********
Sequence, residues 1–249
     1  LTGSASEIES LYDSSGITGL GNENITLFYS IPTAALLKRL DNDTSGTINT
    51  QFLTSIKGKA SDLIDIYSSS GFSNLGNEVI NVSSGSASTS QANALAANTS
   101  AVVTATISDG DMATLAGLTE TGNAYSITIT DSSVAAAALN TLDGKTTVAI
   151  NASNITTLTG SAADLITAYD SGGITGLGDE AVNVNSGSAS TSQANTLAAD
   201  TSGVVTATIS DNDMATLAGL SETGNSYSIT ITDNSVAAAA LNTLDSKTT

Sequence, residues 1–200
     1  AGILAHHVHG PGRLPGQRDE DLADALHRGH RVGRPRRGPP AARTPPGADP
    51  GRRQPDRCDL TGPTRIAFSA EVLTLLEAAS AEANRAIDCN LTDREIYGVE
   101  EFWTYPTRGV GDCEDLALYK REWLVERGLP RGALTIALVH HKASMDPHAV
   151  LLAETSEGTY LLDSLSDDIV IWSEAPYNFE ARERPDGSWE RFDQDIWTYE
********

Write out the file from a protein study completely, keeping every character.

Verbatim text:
Sequence, residues 1–249
     1  LTGSASEIES LYDSSGITGL GNENITLFYS IPTAALLKRL DNDTSGTINT
    51  QFLTSIKGKA SDLIDIYSSS GFSNLGNEVI NVSSGSASTS QANALAANTS
   101  AVVTATISDG DMATLAGLTE TGNAYSITIT DSSVAAAALN TLDGKTTVAI
   151  NASNITTLTG SAADLITAYD SGGITGLGDE AVNVNSGSAS TSQANTLAAD
   201  TSGVVTATIS DNDMATLAGL SETGNSYSIT ITDNSVAAAA LNTLDSKTT

Sequence, residues 1–200
     1  AGILAHHVHG PGRLPGQRDE DLADALHRGH RVGRPRRGPP AARTPPGADP
    51  GRRQPDRCDL TGPTRIAFSA EVLTLLEAAS AEANRAIDCN LTDREIYGVE
   101  EFWTYPTRGV GDCEDLALYK REWLVERGLP RGALTIALVH HKASMDPHAV
   151  LLAETSEGTY LLDSLSDDIV IWSEAPYNFE ARERPDGSWE RFDQDIWTYE